Singapore has a population of just over 5.6 million people. Only one of them can say he’s fought in the UFC and his name is Royston Wee.

These days Wee spends most of his time coaching and imparting his MMA knowledge to others. He has the demeanor of a doctor and the physique of a Greek God.

But rewind to January 4th, 2014 and the Lion City was abuzz with the news that the UFC was coming to town for the first time. The lead-up saw many wondering if a local boy could compete on such an elite stage but there were a few raised eyebrows when Wee’s name was announced.

His two fights had both taken place in 2012. They had lasted less than two minute’s each and neither of the opponents Wee held wins over had registered another victory in MMA before or since.

Years later CM Punk would lower the bar for what constitutes a ‘UFC caliber fighter’. But at the time Wee’s signing was met with scorn and cynicism, with many suggesting the promotion had debased itself by snapping up someone with such little experience.

In front of 6,419 fans at Marina Bay Sands, Wee would silence his critics and win over the partisan crowd with a decision win over undefeated URCC champion Dave Galera. He used his ground game and wrestling to dominate the Team Lakay fighter and prove that he merited a coveted spot on the UFC roster.

Wee’s second win was far from emphatic. On a night in Macau when the UFC famously stood down one of its own judges after a series of strange scorecards, he beat Zhikui Yao by split decision.

It left him with a 2-0 UFC record and the MMA world at his feet. But after missing weight for his third UFC fight and being stopped very late in the second round, Wee was unceremoniously released.

Experience and wisdom

That was over three years ago and he has not fought since but the Singaporean looks back on this period of his life with fond memories.

“I am still very honoured to have the pleasure to fight in the biggest stage of the MMA world. I gained a lot of experience and wisdom through the whole journey,” he told Asian MMA.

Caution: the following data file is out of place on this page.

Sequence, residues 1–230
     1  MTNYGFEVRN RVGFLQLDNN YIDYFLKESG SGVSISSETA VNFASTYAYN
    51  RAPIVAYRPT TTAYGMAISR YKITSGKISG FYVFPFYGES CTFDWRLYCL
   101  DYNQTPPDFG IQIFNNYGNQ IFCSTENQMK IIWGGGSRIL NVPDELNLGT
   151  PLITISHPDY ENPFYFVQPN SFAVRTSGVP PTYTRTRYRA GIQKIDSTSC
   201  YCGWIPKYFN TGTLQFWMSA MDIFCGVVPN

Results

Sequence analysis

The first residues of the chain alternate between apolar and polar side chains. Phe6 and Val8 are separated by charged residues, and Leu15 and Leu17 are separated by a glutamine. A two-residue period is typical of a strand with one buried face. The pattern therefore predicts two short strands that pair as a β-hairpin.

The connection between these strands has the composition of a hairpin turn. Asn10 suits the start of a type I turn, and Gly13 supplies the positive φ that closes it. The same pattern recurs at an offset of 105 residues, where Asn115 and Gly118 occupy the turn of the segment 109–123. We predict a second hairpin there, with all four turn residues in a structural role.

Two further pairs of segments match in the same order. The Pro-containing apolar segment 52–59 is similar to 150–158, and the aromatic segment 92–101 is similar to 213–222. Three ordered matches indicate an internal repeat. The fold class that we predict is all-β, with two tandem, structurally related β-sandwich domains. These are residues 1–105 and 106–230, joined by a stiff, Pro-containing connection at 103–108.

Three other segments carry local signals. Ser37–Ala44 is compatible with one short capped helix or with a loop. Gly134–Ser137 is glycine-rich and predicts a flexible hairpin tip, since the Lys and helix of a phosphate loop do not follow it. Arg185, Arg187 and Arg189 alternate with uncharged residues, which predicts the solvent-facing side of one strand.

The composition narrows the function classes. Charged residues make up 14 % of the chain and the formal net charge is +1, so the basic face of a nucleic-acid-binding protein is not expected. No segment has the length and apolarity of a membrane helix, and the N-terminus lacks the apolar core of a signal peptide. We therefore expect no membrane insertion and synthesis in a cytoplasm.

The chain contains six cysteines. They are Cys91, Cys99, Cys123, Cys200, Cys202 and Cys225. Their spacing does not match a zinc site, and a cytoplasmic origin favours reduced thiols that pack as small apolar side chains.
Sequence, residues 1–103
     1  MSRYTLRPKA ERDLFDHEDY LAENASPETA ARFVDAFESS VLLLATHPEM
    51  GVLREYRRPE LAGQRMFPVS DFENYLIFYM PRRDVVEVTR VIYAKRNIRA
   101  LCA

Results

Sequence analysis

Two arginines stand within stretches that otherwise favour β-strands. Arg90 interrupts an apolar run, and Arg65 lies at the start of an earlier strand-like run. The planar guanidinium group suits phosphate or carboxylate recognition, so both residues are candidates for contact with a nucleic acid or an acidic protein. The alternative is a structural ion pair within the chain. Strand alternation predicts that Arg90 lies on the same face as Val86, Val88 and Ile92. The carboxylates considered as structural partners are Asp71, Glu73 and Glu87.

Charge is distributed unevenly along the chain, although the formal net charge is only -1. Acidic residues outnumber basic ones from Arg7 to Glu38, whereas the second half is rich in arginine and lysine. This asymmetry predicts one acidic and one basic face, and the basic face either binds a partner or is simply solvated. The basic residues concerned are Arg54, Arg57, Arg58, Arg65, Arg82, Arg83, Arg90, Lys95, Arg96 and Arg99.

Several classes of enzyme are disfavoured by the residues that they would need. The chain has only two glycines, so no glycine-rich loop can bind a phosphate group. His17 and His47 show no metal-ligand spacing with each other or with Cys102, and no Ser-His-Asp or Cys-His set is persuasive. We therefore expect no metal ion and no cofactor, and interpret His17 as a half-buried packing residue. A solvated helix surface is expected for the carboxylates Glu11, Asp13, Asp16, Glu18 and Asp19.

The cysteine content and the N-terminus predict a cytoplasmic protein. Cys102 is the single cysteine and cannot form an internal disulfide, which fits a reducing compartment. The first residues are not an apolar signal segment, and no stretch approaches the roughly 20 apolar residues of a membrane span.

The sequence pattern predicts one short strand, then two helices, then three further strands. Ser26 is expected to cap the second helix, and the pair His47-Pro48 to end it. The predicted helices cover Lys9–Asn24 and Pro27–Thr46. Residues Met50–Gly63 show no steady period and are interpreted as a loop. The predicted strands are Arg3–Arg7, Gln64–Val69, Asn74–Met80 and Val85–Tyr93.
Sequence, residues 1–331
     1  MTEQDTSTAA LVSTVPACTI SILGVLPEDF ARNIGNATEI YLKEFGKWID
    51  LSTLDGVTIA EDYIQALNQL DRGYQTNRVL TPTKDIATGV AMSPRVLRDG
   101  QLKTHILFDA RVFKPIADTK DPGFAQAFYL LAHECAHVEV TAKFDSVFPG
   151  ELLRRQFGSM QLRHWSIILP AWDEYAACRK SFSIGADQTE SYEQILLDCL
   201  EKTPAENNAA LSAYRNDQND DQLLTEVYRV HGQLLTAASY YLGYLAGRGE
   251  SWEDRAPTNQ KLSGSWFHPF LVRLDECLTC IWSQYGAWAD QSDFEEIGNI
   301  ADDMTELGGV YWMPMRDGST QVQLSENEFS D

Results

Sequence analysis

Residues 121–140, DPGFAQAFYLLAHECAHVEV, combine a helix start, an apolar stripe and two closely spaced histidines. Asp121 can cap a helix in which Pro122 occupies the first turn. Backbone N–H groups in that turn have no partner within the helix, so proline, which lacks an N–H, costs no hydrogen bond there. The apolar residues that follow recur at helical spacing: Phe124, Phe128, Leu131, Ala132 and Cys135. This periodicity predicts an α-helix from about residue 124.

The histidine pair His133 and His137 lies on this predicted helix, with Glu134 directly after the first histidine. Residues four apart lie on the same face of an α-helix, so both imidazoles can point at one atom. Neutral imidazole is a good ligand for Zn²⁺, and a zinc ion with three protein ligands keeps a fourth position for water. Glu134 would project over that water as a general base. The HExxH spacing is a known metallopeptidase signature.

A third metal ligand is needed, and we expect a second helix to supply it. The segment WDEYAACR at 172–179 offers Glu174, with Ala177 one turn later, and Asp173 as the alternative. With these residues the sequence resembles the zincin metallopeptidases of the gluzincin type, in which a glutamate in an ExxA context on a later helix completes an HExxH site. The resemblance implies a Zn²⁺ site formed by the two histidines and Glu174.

It’s rare, although not unprecedented, for the UFC to release fighters with winning records. But it is possible that having lost interest in Singapore – there wouldn’t be another event there until 2017 – the promotion decided that it didn’t particularly need a fighter from this part of the world on the roster.

So far there have been three UFC cards in Singapore and Wee remains the only local to have ever appeared on one. But he doesn’t harbor a grudge and understands the risks and rewards involved in competing in the upper echelons of the sport.

“It is what it is. And in fighting, it’s a ruthless sport, a ruthless business. But I believe everything happens for a reason and it doesn’t mean it’s the end of the world. It just opens up more doors for me, and I am the kind of guy who likes options. Options in fighting, and outside of fighting. And therefore, all is good.”

He hasn’t fought since 2015 but Wee is a UFC veteran with a 4-1 record. Those sort of credentials can open the door to major promotions all over the world and there are far more opportunities out there today than there were three years ago, particularly in Asia.

A potential comeback

That means Wee wouldn’t be short of offers if he decided to make a comeback, and the 31 year old confirmed he was contemplating a return to competitive action.

“I have never said I retired from fighting, I never said I’m done. I have offers coming in often enough but I am busy outside of fighting. I am just making better decisions for myself now and when the opportunity presents, you will see me in the cage soon enough.”

Ask someone to name a Singaporean MMA fighter and the first name to roll off their lips will probably be that of Angela Lee, whose father hails from these shores. Amir Khan and Tiffany Teo are leading the way in terms of homegrown talent and only fans with long memories would mention the country’s first and only UFC fighter.

A long layoff

Wee seized his opportunity spectacularly with the win over Galera at UFC Fight Night 34 but has slipped from the country’s conscious in the intervening years.  At the age of 31 a fighter should be at the peak of their powers but the Singaporean says he is content with life.

“I made my success, and I made some mistakes along the way as well. That’s learning and I am a better fighter, a better man than I was before. Better every day.”

For its last two Singapore events the UFC wasn’t able to find a single local fighter of suitable caliber to compete on the card. Most of the top fighters have signed exclusive deals with ONE Championship and the Las Vegas promotion doesn’t seem to have liked the look of any of the remaining free agents.

Wee might be coming off a long layoff now but he has already proved he can return after an extended period of inactivity and perform on the big stage when the stakes are high. If the UFC veteran does strike out on the comeback trail then who knows where it might lead him?